Learning about hearing loss can help you take the important first step, which is recognizing you have a treatable condition. And if you happen to be one of the millions of people struggling with hearing loss, you don’t have to suffer in silence. A wide array of solutions is available to address this problem.
Hearing loss severity, underlying cause, and impacted part of the ear can vary considerably from person to person. You may notice hearing loss in one or both ears. If both ears are affected, the hearing in one ear may be better than in the other. If hearing loss is gradual, you likely won’t notice it as much as when it happens suddenly. The three primary types of hearing loss are sensorineural, conductive, and mixed. Learning about the three types should help you communicate better with your doctor about your hearing loss, which will guide your treatment.
The most common symptoms impact clarity of sound and loudness. Symptoms can be physical and behavioral:
Idiopathic sudden sensorineural hearing loss is a perplexing condition as its cause remains unknown in most cases. It is typically characterized by a rapid onset of hearing loss, often occurring within a 72-hour period. The exact mechanisms behind ISSHL are still under investigation, and various theories have been proposed, including viral infections, immune system disorders, and vascular events.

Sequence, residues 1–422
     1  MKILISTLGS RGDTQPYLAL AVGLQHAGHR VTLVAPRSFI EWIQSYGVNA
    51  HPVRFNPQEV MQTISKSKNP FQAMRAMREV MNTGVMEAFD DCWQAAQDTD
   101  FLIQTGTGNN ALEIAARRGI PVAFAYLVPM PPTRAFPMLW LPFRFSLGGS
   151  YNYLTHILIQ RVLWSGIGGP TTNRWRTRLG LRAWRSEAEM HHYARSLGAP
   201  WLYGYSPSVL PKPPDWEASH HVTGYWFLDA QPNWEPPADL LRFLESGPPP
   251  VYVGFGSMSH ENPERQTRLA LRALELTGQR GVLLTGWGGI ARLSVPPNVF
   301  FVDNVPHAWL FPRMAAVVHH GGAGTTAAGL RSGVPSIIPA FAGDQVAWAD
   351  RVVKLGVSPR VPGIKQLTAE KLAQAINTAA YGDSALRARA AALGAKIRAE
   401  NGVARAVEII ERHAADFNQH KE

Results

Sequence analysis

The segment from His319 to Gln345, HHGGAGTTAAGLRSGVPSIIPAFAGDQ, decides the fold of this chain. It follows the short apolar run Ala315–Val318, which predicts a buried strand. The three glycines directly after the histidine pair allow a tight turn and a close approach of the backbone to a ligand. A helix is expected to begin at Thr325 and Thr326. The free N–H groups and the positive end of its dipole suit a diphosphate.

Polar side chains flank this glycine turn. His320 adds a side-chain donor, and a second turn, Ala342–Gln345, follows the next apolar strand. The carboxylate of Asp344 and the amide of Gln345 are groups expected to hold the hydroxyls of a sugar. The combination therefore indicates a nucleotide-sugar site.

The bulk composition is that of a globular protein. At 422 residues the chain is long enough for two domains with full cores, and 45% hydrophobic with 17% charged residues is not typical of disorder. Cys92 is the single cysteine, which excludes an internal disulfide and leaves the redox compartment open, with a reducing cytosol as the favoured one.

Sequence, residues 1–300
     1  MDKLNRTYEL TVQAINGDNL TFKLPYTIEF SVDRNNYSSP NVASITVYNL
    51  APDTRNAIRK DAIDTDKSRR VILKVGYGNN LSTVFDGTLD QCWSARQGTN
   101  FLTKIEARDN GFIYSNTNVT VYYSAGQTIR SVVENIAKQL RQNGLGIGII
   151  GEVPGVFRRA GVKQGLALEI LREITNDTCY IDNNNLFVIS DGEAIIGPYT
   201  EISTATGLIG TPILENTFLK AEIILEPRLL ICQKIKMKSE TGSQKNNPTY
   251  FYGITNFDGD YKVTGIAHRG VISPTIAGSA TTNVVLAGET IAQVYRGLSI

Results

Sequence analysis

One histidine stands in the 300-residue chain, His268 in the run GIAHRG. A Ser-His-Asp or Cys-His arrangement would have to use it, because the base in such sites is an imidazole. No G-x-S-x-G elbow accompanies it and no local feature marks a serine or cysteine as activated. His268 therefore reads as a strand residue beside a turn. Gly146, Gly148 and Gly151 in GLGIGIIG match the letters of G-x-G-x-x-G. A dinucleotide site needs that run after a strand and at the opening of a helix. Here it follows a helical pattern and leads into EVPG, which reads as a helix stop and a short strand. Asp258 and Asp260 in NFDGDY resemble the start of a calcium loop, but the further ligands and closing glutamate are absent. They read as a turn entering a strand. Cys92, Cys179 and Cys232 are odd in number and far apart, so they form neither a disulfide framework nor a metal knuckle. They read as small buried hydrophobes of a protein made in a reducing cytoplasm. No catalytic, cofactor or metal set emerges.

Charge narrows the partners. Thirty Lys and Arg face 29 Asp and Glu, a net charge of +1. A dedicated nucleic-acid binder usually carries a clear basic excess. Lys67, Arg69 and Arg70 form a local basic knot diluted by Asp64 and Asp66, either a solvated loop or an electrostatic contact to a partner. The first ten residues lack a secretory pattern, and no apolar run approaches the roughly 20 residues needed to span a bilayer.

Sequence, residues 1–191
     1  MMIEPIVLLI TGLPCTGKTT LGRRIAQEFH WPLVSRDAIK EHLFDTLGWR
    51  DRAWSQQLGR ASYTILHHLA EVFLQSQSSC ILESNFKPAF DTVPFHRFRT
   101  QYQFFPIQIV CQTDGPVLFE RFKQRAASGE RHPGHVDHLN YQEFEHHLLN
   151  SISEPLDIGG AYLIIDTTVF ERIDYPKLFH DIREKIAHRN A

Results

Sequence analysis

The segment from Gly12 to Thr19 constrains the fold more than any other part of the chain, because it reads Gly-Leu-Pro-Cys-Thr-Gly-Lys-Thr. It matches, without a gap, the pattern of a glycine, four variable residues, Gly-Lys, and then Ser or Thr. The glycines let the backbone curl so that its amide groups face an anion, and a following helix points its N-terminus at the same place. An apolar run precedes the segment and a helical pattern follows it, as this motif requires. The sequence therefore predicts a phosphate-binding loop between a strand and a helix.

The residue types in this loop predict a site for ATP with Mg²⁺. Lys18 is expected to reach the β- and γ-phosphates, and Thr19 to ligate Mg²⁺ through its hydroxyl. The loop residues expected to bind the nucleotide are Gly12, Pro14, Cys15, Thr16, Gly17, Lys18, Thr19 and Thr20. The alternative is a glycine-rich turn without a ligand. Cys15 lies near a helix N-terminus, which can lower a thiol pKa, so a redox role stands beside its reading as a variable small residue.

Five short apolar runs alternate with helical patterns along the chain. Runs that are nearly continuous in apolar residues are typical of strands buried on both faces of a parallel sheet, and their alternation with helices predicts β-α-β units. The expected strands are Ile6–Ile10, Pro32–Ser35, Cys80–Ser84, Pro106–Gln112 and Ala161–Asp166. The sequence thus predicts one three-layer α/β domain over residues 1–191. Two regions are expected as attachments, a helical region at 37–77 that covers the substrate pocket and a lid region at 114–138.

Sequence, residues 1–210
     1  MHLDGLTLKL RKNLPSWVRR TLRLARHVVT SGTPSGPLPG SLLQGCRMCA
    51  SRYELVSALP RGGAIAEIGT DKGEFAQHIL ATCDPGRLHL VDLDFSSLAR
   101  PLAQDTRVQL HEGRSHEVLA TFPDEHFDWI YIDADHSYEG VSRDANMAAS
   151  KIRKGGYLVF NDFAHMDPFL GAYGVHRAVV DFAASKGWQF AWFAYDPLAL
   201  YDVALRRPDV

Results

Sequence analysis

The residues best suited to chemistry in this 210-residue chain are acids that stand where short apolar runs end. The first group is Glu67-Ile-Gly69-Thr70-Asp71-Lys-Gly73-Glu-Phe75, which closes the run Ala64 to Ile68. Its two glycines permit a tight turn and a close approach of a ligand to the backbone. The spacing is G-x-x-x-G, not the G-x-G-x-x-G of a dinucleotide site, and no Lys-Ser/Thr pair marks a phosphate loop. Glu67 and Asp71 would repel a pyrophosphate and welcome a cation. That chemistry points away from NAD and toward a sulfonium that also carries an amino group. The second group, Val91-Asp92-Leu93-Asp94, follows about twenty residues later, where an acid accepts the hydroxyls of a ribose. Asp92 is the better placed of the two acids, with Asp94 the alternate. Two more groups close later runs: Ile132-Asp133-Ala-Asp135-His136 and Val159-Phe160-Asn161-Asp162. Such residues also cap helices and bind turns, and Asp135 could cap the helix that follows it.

In contrast, non-idiopathic hearing loss can be categorized into different types, such as conductive and mixed hearing loss. Conductive hearing loss occurs when sound waves are unable to reach the inner ear due to problems in the outer or middle ear, such as earwax buildup, ear infections, or abnormalities in the ear structure. Mixed hearing loss is a combination of both conductive and sensorineural hearing loss.
These are the symptoms you might experience when you have conductive hearing loss:
If you think you have hearing loss, schedule an appointment with your primary care doctor as soon as possible. They may be able to diagnose and treat your hearing problem. Your doctor may refer you to an otolaryngologist (ear, nose, and throat doctor) or an audiologist (a health professional who can identify and measure hearing loss). Take this important second step and you’ll discover hearing loss doesn’t have to negatively impact your quality of life!
It's time to finally treat your hearing loss. Sign up for a free consultation with a licensed hearing care professional today to determine if you have hearing loss. It’s the start of your journey towards better hearing.